Burlesque is a term which refers to a literary, dramatic or musical work that caricatures the manner, style or subject of serious works and their subjects. Deriving from the Italian burla – a joke, ridicule or mockery. Another derivative from the Italian is burletta, which usually refers to a brief comic Italian (or, later, English) opera.
Often found in the case of Shakespeare's plays for example.
A particular form developed by the minstrelsy movement was the so-called Ethiopian burlesque, often played in blackface, and popular in Cape Town in the mid 19th century. Also found as an Ethiopian opera, Ethiopian farce, or Ethiopian sketch.
"Ethiopian" was a term often of course employed simply as a euphemism for "negro" (or "nigger"), as in most of these cases, thus one would find such forms as Negro farce, Negro burlesque, or Negro sketch.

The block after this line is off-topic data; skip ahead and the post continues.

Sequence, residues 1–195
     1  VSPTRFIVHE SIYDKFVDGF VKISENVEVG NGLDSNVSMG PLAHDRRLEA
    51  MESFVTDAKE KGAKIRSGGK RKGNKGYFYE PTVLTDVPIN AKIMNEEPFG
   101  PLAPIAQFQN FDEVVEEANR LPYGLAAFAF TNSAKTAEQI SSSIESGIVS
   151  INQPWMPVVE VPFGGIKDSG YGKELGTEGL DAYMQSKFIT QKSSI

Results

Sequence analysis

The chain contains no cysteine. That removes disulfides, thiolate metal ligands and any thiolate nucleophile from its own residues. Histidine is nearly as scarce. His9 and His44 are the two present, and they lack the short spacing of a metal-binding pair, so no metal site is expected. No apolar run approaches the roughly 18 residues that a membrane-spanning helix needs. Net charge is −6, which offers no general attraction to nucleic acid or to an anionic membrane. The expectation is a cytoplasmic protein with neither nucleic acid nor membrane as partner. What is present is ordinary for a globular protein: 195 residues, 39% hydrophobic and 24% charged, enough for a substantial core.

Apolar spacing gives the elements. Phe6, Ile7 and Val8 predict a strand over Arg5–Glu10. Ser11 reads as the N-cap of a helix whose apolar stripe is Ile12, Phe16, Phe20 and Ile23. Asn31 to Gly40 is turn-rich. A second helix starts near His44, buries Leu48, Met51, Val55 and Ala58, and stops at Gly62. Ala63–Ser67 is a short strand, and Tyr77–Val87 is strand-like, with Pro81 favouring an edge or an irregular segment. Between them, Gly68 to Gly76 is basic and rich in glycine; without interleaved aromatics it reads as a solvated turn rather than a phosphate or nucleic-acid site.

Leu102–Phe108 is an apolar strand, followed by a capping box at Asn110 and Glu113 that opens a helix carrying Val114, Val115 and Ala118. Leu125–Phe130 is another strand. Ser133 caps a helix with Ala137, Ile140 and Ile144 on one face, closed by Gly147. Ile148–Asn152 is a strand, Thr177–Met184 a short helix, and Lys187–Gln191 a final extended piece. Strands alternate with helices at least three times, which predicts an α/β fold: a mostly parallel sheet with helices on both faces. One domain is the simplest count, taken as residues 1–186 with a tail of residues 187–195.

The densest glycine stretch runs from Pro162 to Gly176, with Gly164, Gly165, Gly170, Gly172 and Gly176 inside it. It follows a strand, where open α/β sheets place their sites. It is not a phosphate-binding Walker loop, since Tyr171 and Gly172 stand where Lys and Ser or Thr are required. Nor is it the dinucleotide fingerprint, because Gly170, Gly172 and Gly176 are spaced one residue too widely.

Examples included: Hamlet the Dainty, "an Ethiopian burlesque on Shakespeare's Hamlet" by George W. H. Griffin (1829-1879); Othello an "Ethiopian burlesque in 3 Acts", Shylock, or De Old Clothes Merchant of Venice ("Grand Ethiopian Burlesque"), Mazeppa ("Grand Ethiopian Burlesque").
"Burlesque" in Wikipedia (https://en.wikipedia.org/wiki/Burlesque)
"Burletta" in Wikipedia (https://en.wikipedia.org/wiki/Burletta)
William John Mahar. 1999. Behind the Burnt Cork Mask: Early Blackface Minstrelsy and Antebellum American Popular Culture. University of Illinois Press: pp. 159-161
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